Apple has become a leading consumer electronics company by reinventing the smartphone with the iPhone as well as the MP3 player with the iPod. Now Apple is looking to revolutionize computing with the iPad. And of course there's the Mac. Simply put, the company is firing on all cylinders.
Articles about Apple
Tablets are slowly but surely replacing the clunky desktop machine. In a blind effort to increase efficiency and productivity, ZDNet's Zack Whittaker attempted to do exactly that — but not with the result he first expected.
Apple CEO Tim Cook has confirmed it will assemble a line of Macs in Texas, but whether that's the Mac Pro or Mac Mini remains unknown.
In response to U.S. Congressman allegations, European member state Ireland says it will not bow down and become America's "whipping boy."
A new Windows video (presumably a TV commercial) knocks the iPad over multitasking, its lack of a PowerPoint app and the price of the 64GB configuration.
Apple is under scrutiny in the U.S., and Google is facing the same treatment in the United Kingdom over tax avoidance.
Apple needs to add more web integration if iOS is going to be competitive with Android.
Samsung makes a big leap in customer satisfaction, but it's unclear whether the company can keep it going. Apple still leads the smartphone pack by a wide margin.
Apple says it has a "what you see is what you get" approach to its taxes, but Congress disagrees, believing it sought the "holy grail of tax avoidance." Apple's Tim Cook testified.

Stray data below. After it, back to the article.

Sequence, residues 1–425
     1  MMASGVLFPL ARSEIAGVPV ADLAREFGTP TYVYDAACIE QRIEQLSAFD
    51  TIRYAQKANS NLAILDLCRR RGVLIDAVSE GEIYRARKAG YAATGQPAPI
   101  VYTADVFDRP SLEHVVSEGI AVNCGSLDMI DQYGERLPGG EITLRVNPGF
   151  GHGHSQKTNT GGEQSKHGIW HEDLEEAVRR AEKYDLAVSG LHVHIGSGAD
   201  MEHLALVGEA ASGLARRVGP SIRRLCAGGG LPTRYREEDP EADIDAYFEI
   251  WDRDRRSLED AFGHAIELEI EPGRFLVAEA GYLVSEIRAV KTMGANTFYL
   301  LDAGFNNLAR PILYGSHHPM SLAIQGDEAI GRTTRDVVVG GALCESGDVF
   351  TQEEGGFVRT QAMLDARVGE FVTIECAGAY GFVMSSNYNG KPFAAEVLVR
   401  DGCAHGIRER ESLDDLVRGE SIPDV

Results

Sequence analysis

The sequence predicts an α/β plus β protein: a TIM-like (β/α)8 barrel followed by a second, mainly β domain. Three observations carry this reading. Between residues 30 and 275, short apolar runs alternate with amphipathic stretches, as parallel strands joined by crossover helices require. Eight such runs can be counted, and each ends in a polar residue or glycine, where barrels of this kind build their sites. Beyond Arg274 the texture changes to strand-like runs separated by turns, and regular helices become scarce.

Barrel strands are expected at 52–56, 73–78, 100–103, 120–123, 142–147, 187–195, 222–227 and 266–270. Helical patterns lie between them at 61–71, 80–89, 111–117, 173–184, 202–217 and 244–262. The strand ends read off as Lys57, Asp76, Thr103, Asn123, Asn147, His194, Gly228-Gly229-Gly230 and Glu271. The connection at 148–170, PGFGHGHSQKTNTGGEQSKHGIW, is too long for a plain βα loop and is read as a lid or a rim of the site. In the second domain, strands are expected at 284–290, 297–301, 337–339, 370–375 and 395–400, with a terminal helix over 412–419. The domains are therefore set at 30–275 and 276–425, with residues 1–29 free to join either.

Apple is not only innovative when it boils down to products it seems.
Google snubbed iOS users with its All Access music subscription service, but developer James Clancey has submitted an app to the App Store that will bring Google music subscriptions to the iPhone.
Ahead of a Senate hearing on Tuesday, the Cupertino, Calif.-based technology giant lays out its testimony. Here's what Apple is trumpeting, by the numbers.
Ahead of a Congressional hearing on Tuesday, the iPhone and iPad maker sets out Apple chief executive Tim Cook's testimony. The company is clear: "what you see is what you get," but will Congress buy it?
Now that the U.S. government and military have approved iPhones and iPads for secure use, the U.S. Air Force plans on spending a little to save a lot in the long-run.
Some of the financial offers include discounts for trade-ins, installment plans, additional subsidies for students, and a ten percent cashback offer for AmEx credit card holders.
A note posted to a longstanding mailing list run by Apple said that Cupertino in late April would "transition" the lists to other support sites. However, some lists appear to still be running.